Cablegate: Civil Society Holds Rally Against Chogm And

This record is a partial extract of the original cable. The full text of the original cable is not available.





E.O. 12958: N/A

REF: (A) LAGOS 2363 (B) LAGOS 2330

1. (U) SUMMARY: The United Action for Democracy
(UAD) held a rally in the Yaba district of Lagos on
December 3 to protest President Obasanjo's policies and
governance, as well as the Commonwealth Heads of
Government Meeting (CHOGM) taking place December 5-8 in
Abuja. Mobile Police (MOPOL) arrested six persons,
including UAD leader Bamidele Aturu, and reportedly
beat several others. Journalists were allegedly
assaulted; and one news agency had its equipment and
film taken and its reporters were briefly detained.
The protestors remain in custody at the State Criminal
Investigation Department at Panti in Yaba. UAD
attorneys have requested their release on bail and
hoped to appear at their possible arraignment December


2. (U) Press reports indicate that over 100 MOPOL,
armed with batons and AK-47s, had assembled at 0400 on
December 3 at the Yaba Bus Stop in anticipation of the
rally held later that day. UAD demonstrators
reportedly numbered 1,000 and were soon joined by a few
thousand more street traders from the nearby Yaba
market. After the rally reached Liberation Square in
Yaba, UAD leader Aturu chastised Obasanjo for
squandering the nation's wealth, pointing to the
example of Obasanjo's importation of bulletproof
Mercedes, reportedly worth 400 million USD, while the
rest of Nigerians live in abject poverty. "Obasanjo
believes the support of foreign governments will make
him survive, but the Nigerian people will disgrace him
before his masters," Aturu allegedly said referring to
the CHOGM. During Aturu's speech in the square, MOPOL
used tear gas to disperse the crowd and allegedly began
beating demonstrators with batons and gun butts. MOPOL
also assaulted a television crew from Minaj
Broadcasting International, confiscated its equipment
and film, and briefly detained the crew. Another one
from Galaxy Television reported being beaten, but was
able to keep its film footage. Human rights groups
reported minor injuries among the protestors.

3. (U) In a December 3 press release, the Civil
Liberties Organisation (CLO) listed the following
detainees, in addition to Aturu: Adebowale Balogun,
President of the Yoruba Revolutionary Movement,
Chairperson of the Yoruba Democratic Front, and a party
leader of the National Conscience Party (NCP); Kamilu
Mustapha of the Youth Democratic Front; Daga Tola and
Joseph Anua of the Democratic Socialist Movement; and
Joel Emerole of the Democratic Alternative. CLO claims
that their detention is illegal and infringes on their
constitutional rights of freedom of expression and
assembly. The Nigerian Police assert that the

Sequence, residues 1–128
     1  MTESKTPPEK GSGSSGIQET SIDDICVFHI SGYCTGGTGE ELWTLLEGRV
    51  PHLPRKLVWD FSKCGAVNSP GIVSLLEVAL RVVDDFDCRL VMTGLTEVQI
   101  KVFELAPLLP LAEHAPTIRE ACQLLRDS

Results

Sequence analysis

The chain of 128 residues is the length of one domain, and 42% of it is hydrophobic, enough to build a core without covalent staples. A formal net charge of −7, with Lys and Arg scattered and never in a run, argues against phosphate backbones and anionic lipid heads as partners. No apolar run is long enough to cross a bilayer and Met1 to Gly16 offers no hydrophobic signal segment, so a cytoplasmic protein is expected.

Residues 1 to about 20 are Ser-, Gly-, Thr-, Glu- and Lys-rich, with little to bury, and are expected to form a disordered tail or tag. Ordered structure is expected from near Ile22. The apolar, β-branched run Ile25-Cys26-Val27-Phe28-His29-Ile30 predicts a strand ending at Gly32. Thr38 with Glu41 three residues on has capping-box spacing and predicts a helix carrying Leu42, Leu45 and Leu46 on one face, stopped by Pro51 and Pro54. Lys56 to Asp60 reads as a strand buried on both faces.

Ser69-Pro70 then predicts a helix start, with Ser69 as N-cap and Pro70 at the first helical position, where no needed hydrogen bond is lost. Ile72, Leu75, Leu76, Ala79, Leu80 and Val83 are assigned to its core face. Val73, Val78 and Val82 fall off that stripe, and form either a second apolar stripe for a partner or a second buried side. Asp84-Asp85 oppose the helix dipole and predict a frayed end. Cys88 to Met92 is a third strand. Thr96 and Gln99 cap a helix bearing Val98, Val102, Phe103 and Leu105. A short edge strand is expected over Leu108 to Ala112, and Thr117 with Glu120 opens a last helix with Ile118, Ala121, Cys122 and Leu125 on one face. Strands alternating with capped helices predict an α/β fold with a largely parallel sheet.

protestors are being detained for not obtaining a
permit for the rally. As of December 5, the detainees
had yet to be arraigned.


4. (U) The UAD, one of the lead organizations behind
the November strike threat over fuel deregulation, has
been agitating for the past several weeks and widely
publicized its intended rally (ref A). The UAD asserts
that in response to its vocal opposition of Obasanjo's
policies and its calls for his impeachment, the State
Security Service (SSS) has been harassing the group.
The CLO, which shares offices with UAD, reported that
SSS personnel visited the UAD secretariat on November
28 and issued "threats of clampdown," intimidated UAD
officials, and has been surveilling UAD members.
Newspapers have also reported that the Director of the
SSS has listed UAD as a "group perceived as a threat to
national peace." Alluding to the December 2 release of
the Human Rights Watch report alleging human rights
abuses by the Obasanjo government -- including torture,
intimidation, extra-judicial killings, and quelling of
public dissent in the press and society at large - the
CLO asserted that the violent dispersal of the rally
and the activities of the SSS "are increasing evidence
of the Obasanjo Government's attempts to stifle freedom
of expression."
5. (SBU) COMMENT: There is no doubt that there is much
discontent among the populace. Abject poverty, endemic
corruption, and the lack of accountability of the
federal, state, and local governments are issues
enflaming discontent. Civil Society has been
vocalizing Nigerians' dissatisfaction with the
Government more audibly ever since the July strikes
over fuel deregulation. Although Obasanjo successfully
prevented another strike over fuel deregulation in
November that would have coincided with the All-Africa
Games, Bamidele Aturu and his like-minded colleagues
continue to carry the torch of civil disobedience and
public outcry, no matter how dim the flame (ref B).
Their apparent defeat in November may have impeded
their efforts, but the rally seems to have motivated
Civil Society to continue agitating against the GON.
Nevertheless it has not yet generated broad support
amongst the body politic. END COMMENT.


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